Welcome to new Historical Society Board members

Serving a first three-year term:
Hon. Richard J. Leon, Senior District Court judge, appointed February 2002. Previously, a partner first at Baker & Hostetler and then at Vorys, Sater, Seymour & Pease. While in private practice, he served as Counsel to Congress in the investigations of three sitting presidents.

Beth Brinkmann, partner at Covington & Burling with experience in appellate and Supreme Court litigation. Former Deputy Assistant Attorney General in the Civil Division, U. S. Department of Justice.

Peter D. Keisler, partner at Sidley Austin where he is co-leader of the firm's Supreme Court and Appellate practices. Former Acting Attorney General of the United Sates.

Caroline D. Krass, Senior Vice President and General Counsel of General Insurance, the American International Group. Former partner and Chair of Gibson Dunn's National Security Practice Group.

Channing Phillips, former U.S. Attorney for the District of Columbia and Senior Counsel to the Attorney General of the United States.

Serving a second three-year term:
Hon. Patricia A. Millett, U.S. Court of Appeals for the District of Columbia Circuit
Hon. Ketanji Brown Jackson, U.S. District Court for the District of Columbia
Amy Jeffress, partner at Arnold & Porter Kaye Scholer
Stuart S. Taylor, Jr., Brookings Institution
K. Chris Todd, partner at Kellogg, Hansen, Todd Figel & Frederick
Helgi C. Walker, partner at Gibson Dunn


Sherman L. Cohn on Court Reorganization

Congress has reorganized and reordered the courts in the District of Columbia on several occasions. The most recent of these was in 1970. Professor Sherman Cohn of Georgetown University Law School commented on this legislation at a 1972 symposium organized by the Bar Association of the District of Columbia, and his remarks were printed in the Association's Journal.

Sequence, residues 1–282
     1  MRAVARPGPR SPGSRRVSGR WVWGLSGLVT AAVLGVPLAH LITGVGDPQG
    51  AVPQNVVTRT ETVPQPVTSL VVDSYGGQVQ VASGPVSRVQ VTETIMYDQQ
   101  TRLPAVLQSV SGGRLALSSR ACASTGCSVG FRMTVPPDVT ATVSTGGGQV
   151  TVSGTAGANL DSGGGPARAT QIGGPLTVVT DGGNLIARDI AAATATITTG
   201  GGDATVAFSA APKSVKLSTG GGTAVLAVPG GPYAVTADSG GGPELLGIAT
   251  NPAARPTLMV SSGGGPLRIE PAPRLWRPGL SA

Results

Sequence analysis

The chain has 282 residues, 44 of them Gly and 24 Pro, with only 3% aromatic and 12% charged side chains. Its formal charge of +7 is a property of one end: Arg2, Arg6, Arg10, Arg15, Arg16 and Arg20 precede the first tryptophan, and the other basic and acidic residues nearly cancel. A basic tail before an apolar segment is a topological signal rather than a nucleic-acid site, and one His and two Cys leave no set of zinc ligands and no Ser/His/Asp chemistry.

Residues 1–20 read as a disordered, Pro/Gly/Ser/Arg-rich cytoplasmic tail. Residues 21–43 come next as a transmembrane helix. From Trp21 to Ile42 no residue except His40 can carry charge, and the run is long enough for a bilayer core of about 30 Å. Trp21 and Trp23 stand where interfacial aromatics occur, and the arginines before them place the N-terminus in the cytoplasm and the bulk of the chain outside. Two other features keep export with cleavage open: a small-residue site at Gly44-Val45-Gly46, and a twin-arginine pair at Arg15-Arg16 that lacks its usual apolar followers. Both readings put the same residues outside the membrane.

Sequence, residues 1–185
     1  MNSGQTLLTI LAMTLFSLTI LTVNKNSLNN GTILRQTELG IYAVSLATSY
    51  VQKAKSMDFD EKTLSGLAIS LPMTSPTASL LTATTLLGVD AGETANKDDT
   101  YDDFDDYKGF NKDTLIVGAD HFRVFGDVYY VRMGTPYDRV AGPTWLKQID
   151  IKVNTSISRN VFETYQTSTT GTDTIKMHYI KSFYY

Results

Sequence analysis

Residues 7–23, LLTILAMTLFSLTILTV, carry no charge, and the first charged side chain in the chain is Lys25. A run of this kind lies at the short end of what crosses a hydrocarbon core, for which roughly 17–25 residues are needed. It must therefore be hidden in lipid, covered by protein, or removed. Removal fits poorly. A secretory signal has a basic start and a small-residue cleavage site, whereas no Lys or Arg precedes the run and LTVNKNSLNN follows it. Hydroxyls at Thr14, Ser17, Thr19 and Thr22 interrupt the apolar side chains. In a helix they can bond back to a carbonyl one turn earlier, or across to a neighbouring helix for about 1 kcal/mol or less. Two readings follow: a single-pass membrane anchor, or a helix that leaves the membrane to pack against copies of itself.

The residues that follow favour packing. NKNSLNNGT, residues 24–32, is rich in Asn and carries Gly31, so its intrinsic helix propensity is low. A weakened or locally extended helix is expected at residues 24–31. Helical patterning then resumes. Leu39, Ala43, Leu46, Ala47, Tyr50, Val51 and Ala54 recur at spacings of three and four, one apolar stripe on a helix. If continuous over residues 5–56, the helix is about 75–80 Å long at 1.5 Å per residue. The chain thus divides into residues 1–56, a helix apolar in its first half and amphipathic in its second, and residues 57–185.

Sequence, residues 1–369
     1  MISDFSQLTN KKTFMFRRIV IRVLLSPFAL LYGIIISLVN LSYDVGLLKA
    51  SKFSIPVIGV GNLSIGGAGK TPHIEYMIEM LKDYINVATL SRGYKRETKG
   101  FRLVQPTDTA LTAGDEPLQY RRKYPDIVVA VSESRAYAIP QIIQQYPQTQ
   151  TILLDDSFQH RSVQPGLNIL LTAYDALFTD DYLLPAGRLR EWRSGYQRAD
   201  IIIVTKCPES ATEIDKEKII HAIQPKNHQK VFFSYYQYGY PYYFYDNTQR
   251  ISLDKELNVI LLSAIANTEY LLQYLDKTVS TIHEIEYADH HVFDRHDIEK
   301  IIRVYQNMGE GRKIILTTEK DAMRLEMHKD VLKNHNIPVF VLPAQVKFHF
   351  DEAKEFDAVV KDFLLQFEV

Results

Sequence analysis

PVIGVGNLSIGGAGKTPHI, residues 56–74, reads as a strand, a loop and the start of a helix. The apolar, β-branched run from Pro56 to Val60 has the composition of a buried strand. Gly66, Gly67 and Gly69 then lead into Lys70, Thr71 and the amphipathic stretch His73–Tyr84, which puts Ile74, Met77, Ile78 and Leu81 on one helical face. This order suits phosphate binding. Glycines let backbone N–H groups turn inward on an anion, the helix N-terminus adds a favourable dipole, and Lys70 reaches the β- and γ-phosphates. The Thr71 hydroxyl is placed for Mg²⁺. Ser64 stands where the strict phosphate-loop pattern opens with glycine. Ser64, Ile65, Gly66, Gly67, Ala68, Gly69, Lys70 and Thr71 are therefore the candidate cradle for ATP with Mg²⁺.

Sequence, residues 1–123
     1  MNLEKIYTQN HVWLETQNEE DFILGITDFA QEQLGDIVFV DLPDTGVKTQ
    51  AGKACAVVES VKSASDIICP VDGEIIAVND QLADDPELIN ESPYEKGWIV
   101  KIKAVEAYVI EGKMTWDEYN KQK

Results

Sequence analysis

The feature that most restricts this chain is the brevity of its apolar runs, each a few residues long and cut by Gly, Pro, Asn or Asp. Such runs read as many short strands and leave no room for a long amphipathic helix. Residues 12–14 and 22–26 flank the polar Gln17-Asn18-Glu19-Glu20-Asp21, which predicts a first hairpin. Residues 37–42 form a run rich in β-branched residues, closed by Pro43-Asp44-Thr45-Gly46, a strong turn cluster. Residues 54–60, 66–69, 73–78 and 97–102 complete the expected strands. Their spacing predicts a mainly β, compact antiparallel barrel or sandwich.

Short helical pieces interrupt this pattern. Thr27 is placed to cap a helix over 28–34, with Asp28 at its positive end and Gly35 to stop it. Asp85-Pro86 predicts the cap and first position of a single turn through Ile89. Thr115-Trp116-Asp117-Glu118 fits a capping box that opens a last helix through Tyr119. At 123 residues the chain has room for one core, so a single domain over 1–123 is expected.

Lawrence Walsh's Report on the Judiciary

Noted lawyer Lawrence Walsh, when serving as Deputy Attorney General, delivered a talk to the National Conference on Judicial Selection and Court Administration that was carried in the Journal of the Bar Association of the District Columbia in 1960. Walsh begins with a comparison between the British and American approaches to judicial selection and goes on to analyze the selection process in the United States including the role of organized bars.


You can view "From Goldwater to Zivotofsky: The Political Question Doctrine in the D.C. Circuit" -- the Society's March 7, 2018, program -- in its entirety.

Watch the re-enactment of the 1979 en banc argument in Goldwater v. Carter before Judges Harry T. Edwards and Stephen F. Williams by Catherine Carroll and Professor Harold Hongju Koh. Then listen as Professor Stephen Vladeck, Beth Brinkmann, Catherine Carroll and Professor Koh analyze the current status of the doctrine and its underpinnings with moderator Paul Smith.


Read the Society's April newsletter and access the video of the Tinker re-enactment, learn about two other Society programs -- "From Goldwater to Zivotofsky -- The Political Question Doctrine in the D.C.Circuit" and the Society's 13th Mock Court Program for area youth, and read about the exclusion of black attorneys from the Courthouse law library -- "A Disturbing Truth" -- and articles from the archives of the Bar Association of the District of Columbia.